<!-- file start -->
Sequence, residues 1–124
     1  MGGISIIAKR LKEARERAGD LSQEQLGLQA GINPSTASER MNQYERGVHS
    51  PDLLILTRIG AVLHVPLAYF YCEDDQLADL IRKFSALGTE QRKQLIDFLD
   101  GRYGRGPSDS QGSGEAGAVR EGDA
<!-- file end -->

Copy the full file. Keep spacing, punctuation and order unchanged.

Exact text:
Sequence, residues 1–124
     1  MGGISIIAKR LKEARERAGD LSQEQLGLQA GINPSTASER MNQYERGVHS
    51  PDLLILTRIG AVLHVPLAYF YCEDDQLADL IRKFSALGTE QRKQLIDFLD
   101  GRYGRGPSDS QGSGEAGAVR EGDA